Last week, Scott Walker said that he wanted to do away with birthright citizenship. He quickly backpedaled and said that he was too tired from a three hour confab and that his official position was that he had no position.
On Sunday, Walker appeared on This Week with George Stephanopoulos and started to do the Walker two-step as he served up a big, heaping helping of word salad:
STEPHANOPOULOS: Also been taking on this question of birthright citizenship and the Fourteenth Amendment. Let me just put the first sentence of the Fourteenth Amendment up there on the screen right now. “All persons born or naturalized in the United States and subject to the jurisdiction thereof are citizens of the United States and of the state wherein they reside.”
Do you support the first line of the Fourteenth Amendment?
WALKER: Well, George, let me step back for a second and tell you an interesting story. Last month, I was in a small town in Iowa called (INAUDIBLE). In fact, I lived there as a kid for a while. And a family came from Waukesha, Wisconsin, to confront me. They -- the father in particular was upset that I was one of the 25 governors that went to court and stopped the president. And I told that father in a very tense situation with the media all around, including some from ABC News and others out there, I told that father I felt bad for him and his family, I really do, I feel bad for families like that. But I told them that this president had said I believe some 22 times, 22 times, before he did what he did last November, that he couldn’t he do it. He said that he was the president, not the emperor, that he wasn’t above the law, and then he went out and changed the law by his actions. It took me and 25 -- or excuse me, 24 -- governors to stop him in court.↓ Story continues below ↓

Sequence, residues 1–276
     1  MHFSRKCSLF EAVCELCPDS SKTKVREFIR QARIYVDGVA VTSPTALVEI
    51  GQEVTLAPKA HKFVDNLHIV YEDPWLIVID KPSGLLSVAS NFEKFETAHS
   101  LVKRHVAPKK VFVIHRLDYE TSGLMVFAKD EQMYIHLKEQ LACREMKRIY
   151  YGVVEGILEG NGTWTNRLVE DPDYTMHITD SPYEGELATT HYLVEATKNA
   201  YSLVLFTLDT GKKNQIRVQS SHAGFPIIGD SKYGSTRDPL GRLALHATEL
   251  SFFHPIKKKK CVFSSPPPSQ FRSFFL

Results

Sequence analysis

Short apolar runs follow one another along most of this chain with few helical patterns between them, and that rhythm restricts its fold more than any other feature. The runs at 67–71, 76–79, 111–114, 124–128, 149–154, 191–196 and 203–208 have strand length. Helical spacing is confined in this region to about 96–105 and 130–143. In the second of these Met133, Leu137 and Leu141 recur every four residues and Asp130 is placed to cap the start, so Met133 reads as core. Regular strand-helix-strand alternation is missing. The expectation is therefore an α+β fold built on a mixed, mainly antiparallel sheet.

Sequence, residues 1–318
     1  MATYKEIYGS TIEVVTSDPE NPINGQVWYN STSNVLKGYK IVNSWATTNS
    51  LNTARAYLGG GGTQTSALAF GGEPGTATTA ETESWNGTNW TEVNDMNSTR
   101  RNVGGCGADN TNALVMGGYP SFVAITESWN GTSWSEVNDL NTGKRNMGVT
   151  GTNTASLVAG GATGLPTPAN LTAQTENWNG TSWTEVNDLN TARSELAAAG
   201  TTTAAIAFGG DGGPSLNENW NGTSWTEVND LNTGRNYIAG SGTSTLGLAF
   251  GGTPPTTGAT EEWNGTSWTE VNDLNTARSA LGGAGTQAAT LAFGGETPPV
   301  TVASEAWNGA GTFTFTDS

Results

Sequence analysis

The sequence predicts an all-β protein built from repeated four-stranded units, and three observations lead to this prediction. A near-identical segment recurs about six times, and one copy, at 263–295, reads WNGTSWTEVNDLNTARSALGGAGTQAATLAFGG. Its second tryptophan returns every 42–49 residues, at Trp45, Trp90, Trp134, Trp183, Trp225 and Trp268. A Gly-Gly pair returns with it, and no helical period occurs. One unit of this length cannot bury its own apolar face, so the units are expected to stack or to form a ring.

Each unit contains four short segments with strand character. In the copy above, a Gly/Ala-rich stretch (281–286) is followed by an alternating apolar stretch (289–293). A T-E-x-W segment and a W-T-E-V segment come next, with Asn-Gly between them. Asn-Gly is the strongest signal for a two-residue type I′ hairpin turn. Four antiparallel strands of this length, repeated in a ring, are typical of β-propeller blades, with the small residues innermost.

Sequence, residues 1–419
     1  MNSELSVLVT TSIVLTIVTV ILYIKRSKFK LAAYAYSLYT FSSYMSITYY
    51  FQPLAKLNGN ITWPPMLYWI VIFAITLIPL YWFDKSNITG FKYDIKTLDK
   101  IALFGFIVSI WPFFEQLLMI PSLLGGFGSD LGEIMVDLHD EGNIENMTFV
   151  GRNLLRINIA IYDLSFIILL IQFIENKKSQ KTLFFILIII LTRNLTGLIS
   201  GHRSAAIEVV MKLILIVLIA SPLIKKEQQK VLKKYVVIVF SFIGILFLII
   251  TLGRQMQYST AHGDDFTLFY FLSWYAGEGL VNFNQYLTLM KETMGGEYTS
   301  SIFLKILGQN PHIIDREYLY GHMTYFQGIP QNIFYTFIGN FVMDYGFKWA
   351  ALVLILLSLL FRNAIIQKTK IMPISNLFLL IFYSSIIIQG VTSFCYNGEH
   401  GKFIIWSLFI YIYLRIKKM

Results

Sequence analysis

The problem here, we need to address the root problem of the issue, which is we need a president who’s going to secure the borders, not just give lip service to it like we’ve seen over the past couple decades -- secure the border and enforce the laws. My point all week has been and continues to be, as it was last month, until we address those core problems, we’re going to -- we’re not addressing the real issue and Americans are right to be upset with that.
STEPHANOPOULOS: I understand that’s what you feel we have to address, but this is simply a yes or no question. Do you support that line of the Fourteenth Amendment?
WALKER: Well, I said the law is there. And we need to enforce the laws including those that are in the Constitution. My point is having this debate about anything else when we don’t have politicians who are committed to actually securing the border and enforcing the laws, which means very simply in our country e-verify. Making sure that every employer ensure that the people working for them are legal to work in this state -- in this country. That will resolve the problems you’re talking about and that’s what I’ve been talking about this week.
STEPHANOPOULOS: So you’re not seeking to repeal or alter the Fourteenth Amendment.
WALKER: No. My point is any discussion that goes beyond securing the border and enforcing the laws are things that should be a red flag to voters out there, who for years have heard lip service from politicians and are understandably angry because those politicians haven’t been committed to following through on those promises.
I hope the one thing people see, in my state, I had 100,000 protesters on a different issue. I had all sorts of death threats and all sorts of other views. I think people in my state will tell you whether they agree or disagree with me on the issue, the one thing I do is when I make a promise I follow through on it. My promise is to truly secure the border and enforce the laws of this great country.
So in less than a week, Walker went from saying he as against birthright citizenship to being neutral to that he didn't want to repeal it. I think.
But given Walker's standard operating procedure of doing what he said he wasn't going to do, it's probably a good bet that Walker would start the repeal of the 14th Amendment on Day One, along with declaring war on Iran and on the American people who benefit from Obamacare.